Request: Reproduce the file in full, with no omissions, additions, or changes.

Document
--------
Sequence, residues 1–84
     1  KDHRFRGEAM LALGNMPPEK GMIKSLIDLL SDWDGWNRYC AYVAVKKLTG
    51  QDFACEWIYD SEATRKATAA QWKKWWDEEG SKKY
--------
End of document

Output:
Sequence, residues 1–84
     1  KDHRFRGEAM LALGNMPPEK GMIKSLIDLL SDWDGWNRYC AYVAVKKLTG
    51  QDFACEWIYD SEATRKATAA QWKKWWDEEG SKKY